Kentoku

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Kentoku (建徳) was a Japanese era of the Southern Court during the Era of Northern and Southern Courts after Shōhei and before Bunchū, lasting from July 1370 to April 1372.[1] Reigning Emperors were Chōkei in the south and Go-En'yū in the north.

Nanboku-chō overview[edit]

The Imperial seats during the Nanboku-chō period were in relatively close proximity, but geographically distinct. They were conventionally identified as:

During the Meiji period, an Imperial decree dated March 3, 1911 established that the legitimate reigning monarchs of this period were the direct descendants of Emperor Go-Daigo through Emperor Go-Murakami, whose Southern Court (南朝 nanchō?) had been established in exile in Yoshino, near Nara.[2]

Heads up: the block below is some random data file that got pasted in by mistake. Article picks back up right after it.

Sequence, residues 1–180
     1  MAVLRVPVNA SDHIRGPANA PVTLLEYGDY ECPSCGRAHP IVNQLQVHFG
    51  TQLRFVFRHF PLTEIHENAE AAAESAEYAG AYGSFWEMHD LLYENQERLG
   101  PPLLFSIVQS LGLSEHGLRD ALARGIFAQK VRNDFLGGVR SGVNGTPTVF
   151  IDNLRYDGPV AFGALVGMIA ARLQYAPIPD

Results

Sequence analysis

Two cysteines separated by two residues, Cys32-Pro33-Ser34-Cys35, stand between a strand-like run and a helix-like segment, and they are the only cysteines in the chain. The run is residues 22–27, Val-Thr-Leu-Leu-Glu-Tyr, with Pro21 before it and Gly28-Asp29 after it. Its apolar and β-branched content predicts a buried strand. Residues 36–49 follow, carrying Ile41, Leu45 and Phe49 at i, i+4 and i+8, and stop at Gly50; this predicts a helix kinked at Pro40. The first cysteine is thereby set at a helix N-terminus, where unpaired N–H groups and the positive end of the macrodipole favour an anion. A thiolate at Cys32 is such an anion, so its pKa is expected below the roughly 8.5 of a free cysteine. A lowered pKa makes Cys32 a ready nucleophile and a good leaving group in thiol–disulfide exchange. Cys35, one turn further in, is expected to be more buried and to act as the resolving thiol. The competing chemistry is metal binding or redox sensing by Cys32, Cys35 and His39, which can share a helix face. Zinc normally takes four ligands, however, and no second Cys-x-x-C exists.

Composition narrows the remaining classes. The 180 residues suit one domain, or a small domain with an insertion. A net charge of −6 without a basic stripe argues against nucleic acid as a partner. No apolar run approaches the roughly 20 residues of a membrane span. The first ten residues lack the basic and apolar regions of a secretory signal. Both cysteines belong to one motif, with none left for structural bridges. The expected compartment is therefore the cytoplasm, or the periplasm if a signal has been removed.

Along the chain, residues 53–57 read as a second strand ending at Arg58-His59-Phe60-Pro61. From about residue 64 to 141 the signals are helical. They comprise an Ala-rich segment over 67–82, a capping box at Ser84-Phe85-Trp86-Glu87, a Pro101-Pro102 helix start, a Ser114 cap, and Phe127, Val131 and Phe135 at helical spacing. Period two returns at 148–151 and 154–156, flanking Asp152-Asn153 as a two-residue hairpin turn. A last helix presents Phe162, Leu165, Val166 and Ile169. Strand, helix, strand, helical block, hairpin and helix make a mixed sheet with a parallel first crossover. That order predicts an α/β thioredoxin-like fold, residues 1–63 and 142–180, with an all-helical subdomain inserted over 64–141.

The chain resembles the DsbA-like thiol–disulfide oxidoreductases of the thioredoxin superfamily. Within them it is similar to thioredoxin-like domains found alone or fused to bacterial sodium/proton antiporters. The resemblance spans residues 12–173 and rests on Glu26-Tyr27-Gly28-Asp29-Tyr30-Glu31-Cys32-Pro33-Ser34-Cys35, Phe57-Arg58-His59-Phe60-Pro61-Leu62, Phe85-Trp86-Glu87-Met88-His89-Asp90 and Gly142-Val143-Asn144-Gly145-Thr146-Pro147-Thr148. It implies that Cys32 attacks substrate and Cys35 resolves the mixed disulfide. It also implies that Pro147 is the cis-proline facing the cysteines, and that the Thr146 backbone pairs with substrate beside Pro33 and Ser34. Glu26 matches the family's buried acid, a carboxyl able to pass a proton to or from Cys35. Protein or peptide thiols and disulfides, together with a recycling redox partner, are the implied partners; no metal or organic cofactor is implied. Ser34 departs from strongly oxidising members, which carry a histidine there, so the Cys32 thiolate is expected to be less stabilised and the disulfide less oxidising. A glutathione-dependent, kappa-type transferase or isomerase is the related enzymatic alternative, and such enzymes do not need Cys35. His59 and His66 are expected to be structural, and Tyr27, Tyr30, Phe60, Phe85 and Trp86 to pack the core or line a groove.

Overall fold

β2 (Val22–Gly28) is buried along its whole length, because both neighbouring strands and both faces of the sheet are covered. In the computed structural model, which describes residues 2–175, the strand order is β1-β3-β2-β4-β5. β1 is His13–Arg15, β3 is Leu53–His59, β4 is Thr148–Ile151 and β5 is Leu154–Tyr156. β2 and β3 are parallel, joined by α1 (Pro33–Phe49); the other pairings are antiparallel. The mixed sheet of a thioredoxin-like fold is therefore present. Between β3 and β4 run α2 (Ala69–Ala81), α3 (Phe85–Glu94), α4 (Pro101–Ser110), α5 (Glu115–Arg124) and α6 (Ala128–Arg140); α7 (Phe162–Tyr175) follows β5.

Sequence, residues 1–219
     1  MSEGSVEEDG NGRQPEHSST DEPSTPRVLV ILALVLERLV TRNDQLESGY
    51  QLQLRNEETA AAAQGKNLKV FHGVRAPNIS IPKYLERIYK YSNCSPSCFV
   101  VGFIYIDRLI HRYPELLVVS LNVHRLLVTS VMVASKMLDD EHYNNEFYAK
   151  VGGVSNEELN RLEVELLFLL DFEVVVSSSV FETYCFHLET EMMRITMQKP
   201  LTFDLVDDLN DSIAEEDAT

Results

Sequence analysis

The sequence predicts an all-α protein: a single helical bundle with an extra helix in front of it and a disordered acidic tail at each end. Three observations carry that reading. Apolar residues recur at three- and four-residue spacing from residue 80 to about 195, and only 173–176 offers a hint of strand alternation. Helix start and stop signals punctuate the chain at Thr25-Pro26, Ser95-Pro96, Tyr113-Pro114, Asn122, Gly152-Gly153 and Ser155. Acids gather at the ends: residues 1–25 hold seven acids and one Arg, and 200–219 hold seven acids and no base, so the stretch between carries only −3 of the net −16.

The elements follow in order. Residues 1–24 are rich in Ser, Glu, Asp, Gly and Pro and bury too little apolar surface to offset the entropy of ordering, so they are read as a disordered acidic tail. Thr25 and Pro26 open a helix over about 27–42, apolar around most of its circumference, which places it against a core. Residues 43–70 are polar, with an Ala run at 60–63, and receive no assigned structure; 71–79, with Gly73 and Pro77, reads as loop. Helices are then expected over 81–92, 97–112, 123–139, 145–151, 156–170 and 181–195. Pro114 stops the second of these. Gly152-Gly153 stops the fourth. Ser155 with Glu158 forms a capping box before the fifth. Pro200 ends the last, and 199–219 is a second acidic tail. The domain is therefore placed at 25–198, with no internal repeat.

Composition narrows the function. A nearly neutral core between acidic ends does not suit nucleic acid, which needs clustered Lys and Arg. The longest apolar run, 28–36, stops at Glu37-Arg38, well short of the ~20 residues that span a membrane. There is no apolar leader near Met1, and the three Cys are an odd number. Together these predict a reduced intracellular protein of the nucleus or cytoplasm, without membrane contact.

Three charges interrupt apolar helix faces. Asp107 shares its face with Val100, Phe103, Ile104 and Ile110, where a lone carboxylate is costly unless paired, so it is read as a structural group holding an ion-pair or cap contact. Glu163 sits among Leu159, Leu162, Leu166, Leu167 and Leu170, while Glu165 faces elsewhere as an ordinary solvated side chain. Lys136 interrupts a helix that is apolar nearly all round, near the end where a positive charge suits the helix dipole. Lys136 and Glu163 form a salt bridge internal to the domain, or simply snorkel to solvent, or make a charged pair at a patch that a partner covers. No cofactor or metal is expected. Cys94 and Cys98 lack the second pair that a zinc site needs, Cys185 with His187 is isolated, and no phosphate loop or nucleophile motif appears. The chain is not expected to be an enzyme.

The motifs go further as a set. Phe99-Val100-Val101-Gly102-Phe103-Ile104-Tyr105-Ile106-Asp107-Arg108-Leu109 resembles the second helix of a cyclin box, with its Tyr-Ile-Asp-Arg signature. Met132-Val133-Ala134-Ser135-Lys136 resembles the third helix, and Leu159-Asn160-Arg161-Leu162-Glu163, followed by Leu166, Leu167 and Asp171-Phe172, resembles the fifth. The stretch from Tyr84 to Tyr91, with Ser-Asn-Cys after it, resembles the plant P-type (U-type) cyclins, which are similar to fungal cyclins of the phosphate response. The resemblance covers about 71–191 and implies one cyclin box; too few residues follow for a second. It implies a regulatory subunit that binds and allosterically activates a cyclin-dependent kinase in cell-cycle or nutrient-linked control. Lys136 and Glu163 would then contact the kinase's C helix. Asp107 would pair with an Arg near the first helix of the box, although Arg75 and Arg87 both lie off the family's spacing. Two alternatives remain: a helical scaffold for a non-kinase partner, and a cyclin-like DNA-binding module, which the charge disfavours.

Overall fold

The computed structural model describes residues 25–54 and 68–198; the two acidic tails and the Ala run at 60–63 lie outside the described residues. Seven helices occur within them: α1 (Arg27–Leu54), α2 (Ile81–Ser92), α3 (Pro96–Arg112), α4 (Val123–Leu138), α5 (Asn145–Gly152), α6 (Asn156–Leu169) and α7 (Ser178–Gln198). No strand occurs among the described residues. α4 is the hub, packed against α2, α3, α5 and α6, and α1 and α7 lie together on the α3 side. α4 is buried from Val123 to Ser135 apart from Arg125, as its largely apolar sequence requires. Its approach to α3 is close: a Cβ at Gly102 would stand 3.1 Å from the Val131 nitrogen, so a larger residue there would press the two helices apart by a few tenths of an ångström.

Until the end of the Edo period, the militarily superior pretender-Emperors supported by the Ashikaga shogunate had been mistakenly incorporated in Imperial chronologies despite the undisputed fact that the Imperial Regalia were not in their possession.[2]

This illegitimate Northern Court (北朝 hokuchō?) had been established in Kyoto by Ashikaga Takauji.[2]

Change of era[edit]

Events of the Kentoku Era[edit]

Northern Court Equivalents[edit]

Notes[edit]

  1. ^ Nussbaum, Louis-Frédéric. (2005). "Kentoku" in Japan encyclopedia, p. 510; n.b., Louis-Frédéric is pseudonym of Louis-Frédéric Nussbaum, see Deutsche Nationalbibliothek Authority File.
  2. ^ a b c Thomas, Julia Adeney. (2001). Reconfiguring modernity: concepts of nature in Japanese political ideology, p. 199 n57, citing Mehl, Margaret. (1997). History and the State in Nineteenth-Century Japan. p. 140-147.

References[edit]

External links[edit]

Preceded by
Shōhei
Era or nengō
Kentoku

1370–1372
Succeeded by
Bunchū